Lonely Planet Writer

Step back in time with vintage tourism posters depicting romantic Ireland of the 20th century

A set of vintage Irish posters has been released online that depicts the romantic vision of Ireland that marketers were keen to promote throughout the 20th century. The National Museum of Ireland – Country Life has made available the collection of early travel and tourism posters used to sell Ireland abroad in the infancy of its tourism sector.

This 1950s Aer Lingus poster aimed at the American market shows Lusk, County Dublin. Image: Signed Adolph Treidler/National Museum of Ireland

The posters form part of the National Folklife Collection, and were previously on display at the museum in the exhibition, ‘Come Back to Erin: Irish Travel Posters of the 20th Century.’ A number of the posters feature images that have become almost iconic representations of a romantic Ireland from 1850 to 1950. From the mid-1960s however, poster art in tourism went into a decline. There was a move away from the commissioning of artists and towards the use of colour photographs. Television advertising began to dominate the industry and all of this sounded the end of the high-quality pictorial poster.

This 1960 poster was aimed at the North American market. The medieval ruin of Blarney Castle can be viewed from the comfort of the touring ‘Banana’ Coach, which had distinctive colouring and upholstery. Image: Curran/National Museum of Ireland

The National Museum of Ireland collected the posters to help inform the story of Irish folk culture from 1850 to 1950. The earliest colour posters pertaining to Ireland were produced by British railway companies and the earliest colour lithographic poster in the collection dates to 1908. However, it was largely in the 1920s that advertisers in the United Kingdom started to capitalise on the potential of poster advertising in particular.

This 1930 poster invited people to Northern Ireland. Image: National Museum of Ireland

Some tourism companies commissioned well-known artists of the day to create images for their pictorial posters. Belfast artist Paul Henry’s poster scenes became iconic, almost quintessential, images of Ireland, and some, including View of Connemara (1926) and Lough Derg (1927), became best sellers and brought great popular recognition for Henry. The largest Irish railway company, Great Southern Railways, used posters in the 1920s drawn by artist Walter Till, and several were of popular tourist locations, such as Glendalough, Killarney and Connemara.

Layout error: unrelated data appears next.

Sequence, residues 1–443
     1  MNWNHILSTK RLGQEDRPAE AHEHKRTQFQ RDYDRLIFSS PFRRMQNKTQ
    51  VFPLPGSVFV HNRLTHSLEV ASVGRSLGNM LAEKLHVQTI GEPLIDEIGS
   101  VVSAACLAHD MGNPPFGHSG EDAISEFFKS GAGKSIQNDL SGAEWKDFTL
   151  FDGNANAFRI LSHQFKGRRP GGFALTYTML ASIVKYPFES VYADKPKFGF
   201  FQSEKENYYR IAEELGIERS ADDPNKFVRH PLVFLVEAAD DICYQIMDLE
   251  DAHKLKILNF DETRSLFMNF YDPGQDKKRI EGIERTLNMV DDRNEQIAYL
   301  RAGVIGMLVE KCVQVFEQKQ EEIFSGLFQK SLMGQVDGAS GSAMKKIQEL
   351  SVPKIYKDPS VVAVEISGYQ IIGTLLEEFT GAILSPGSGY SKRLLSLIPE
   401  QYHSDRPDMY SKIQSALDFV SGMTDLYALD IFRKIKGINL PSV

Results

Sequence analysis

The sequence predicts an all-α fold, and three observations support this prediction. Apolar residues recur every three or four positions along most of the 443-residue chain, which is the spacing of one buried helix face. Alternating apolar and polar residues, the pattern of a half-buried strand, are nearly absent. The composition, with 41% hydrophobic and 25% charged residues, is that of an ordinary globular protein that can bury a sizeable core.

Set in Dublin Castle and including a policeman, the aim of this poster may have been to reassure tourists that the rule of law prevailed. Image: CIE/National Museum of Ireland

“While obviously beautiful in terms of their artwork, these travel posters demonstrate that independent Ireland was partly responsible for fostering an idyllic and simplistic image of Irish life, which we know was far from accurate for many,” says Noel Campbell, assistant keeper at the National Museum. “These posters will no doubt be of interest to our home market but also to the Irish diaspora, many of whom left Ireland during the period covered by the posters, and so it was important to make them available for viewing online.”

This 1953 poster of the Aran Islands is reminiscent of a famous John Hinde postcard. Image: Melai/National Museum of Ireland

The vintage travel poster collection can be viewed online here.